Cookies on this website
We use cookies to ensure that we give you the best experience on our website. If you click 'Continue' we'll assume that you are happy to receive all cookies and you won't see this message again. Click 'Find out more' for information on how to change your cookie settings.

Take part in our new study looking at flu vaccines

The Oxford Vaccine Group, part of the University of Oxford, would like to invite you and your child to take part in a study to investigate the immune response to a flu vaccine.

We are looking to enroll healthy Caucasian children aged 13 to 24 months, these children would receive two doses of a flu vaccine and three blood tests. Healthy Caucasian adults aged 18 to 65 years are also able to participate, they would receive one dose of a flu vaccine and four blood tests. We would use local anaesthetic cream on the skin to reduce any discomfort from the blood sampling.

You would have 24 hour telephone access to a paediatrician, should you have any concerns following vaccination. Taking part in this study is voluntary.

If you would like to any further information please visit:

Our website

You can also contact us by telephone on 01865 857420 or you can e-mail us at info@ovg.ox.ac.uk.

 

Similar stories

Fourth COVID-19 vaccine dose provides stronger immunity boost than third dose, shows UK study

COVID-19 vaccines given as fourth doses in the UK offer excellent boosting immunity protection, according to the latest results from a nationwide NIHR-supported study.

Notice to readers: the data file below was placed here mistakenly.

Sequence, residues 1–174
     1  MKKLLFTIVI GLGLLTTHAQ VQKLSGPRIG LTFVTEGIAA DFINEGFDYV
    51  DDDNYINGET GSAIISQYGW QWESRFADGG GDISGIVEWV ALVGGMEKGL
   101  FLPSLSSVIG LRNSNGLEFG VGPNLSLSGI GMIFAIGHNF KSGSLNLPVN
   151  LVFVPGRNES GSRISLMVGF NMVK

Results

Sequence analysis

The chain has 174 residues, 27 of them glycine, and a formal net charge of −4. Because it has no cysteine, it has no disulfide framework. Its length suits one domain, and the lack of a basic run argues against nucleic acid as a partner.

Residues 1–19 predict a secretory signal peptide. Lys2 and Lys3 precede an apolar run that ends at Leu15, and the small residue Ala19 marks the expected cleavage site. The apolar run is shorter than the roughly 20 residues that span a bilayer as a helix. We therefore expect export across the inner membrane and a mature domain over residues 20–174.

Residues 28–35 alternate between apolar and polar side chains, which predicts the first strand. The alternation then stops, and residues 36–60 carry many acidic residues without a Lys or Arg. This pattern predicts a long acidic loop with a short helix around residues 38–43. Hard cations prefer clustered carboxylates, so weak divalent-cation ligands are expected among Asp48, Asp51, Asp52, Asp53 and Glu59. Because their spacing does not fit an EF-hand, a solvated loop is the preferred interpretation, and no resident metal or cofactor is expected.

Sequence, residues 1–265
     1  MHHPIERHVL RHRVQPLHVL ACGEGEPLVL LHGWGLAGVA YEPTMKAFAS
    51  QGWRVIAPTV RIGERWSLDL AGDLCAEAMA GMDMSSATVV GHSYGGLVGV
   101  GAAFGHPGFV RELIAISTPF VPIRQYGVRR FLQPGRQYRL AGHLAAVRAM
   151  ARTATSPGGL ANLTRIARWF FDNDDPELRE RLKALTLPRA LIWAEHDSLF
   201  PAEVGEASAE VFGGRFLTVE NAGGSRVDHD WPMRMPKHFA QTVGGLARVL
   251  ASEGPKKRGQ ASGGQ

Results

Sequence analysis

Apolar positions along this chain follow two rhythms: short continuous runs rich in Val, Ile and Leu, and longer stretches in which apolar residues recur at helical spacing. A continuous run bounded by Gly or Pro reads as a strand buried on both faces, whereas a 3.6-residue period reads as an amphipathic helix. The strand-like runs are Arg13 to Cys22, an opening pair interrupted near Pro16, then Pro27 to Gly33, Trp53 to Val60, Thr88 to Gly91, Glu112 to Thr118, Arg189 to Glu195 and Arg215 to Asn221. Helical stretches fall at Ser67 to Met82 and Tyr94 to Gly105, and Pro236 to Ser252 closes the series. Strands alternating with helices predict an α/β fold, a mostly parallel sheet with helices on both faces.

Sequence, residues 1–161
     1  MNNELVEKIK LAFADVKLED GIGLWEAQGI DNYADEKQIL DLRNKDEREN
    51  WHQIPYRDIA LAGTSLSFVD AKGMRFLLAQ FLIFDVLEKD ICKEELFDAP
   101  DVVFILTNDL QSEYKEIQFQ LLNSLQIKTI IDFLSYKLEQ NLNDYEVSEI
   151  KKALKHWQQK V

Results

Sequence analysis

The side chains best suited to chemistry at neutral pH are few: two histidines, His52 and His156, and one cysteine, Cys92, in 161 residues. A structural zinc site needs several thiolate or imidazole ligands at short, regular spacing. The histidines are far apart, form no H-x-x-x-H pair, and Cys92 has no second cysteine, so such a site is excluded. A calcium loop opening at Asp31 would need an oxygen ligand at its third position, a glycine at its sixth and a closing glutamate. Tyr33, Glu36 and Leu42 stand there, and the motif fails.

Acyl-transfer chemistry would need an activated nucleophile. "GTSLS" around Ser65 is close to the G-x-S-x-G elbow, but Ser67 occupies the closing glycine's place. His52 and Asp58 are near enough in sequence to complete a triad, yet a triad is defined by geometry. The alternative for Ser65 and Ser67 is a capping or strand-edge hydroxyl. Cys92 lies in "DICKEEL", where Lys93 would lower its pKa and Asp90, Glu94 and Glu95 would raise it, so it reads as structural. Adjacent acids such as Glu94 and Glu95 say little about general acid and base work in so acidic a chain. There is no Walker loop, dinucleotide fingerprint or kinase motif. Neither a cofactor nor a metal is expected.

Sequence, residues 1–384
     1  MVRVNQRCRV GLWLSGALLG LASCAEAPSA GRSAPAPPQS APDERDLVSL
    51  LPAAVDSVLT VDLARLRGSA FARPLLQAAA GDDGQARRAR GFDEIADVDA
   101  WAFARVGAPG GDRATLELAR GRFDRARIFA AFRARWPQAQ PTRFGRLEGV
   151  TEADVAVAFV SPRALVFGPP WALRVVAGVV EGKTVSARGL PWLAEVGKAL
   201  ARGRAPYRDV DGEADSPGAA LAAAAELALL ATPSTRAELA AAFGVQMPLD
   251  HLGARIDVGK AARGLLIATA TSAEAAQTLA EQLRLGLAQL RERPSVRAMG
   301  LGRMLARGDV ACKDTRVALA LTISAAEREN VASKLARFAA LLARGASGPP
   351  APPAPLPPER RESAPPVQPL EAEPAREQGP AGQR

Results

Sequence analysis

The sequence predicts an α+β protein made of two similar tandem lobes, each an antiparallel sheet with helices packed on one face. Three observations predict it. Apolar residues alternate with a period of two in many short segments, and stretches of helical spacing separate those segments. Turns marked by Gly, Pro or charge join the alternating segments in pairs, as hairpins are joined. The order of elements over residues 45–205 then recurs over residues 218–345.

Oral paratyphoid vaccine to begin human trials

The University of Oxford in collaboration with the University of Maryland School of Medicine (UMSoM) has begun recruiting for a Phase I/II trial of a new paratyphoid vaccine in human volunteers in Oxford.

Oxford scientist named Australian of the Year in the UK

The Oxford Vaccine Group’s Lead Statistician, Professor Merryn Voysey, received the prestigious Australian of the Year in the UK award at a gala dinner recently.

Angelman syndrome: first patient to receive potential therapy in Oxford

Things that seemed impossible, only a few years ago, are happening today. The first patient in Europe and one of the first in the world was injected with a potential treatment, GTX-102, in a phase I/II clinical trial in Oxford.

New model for infant leukaemia announced

The breakthrough could lead to development of new treatments for infant Acute Lymphoblastic Leukaemia.

Why it's so hard to treat pain in infants

For decades physicians believed that premature babies didn’t experience pain. Here’s what doctors know now – and the innovative solutions being embraced by today's caregivers.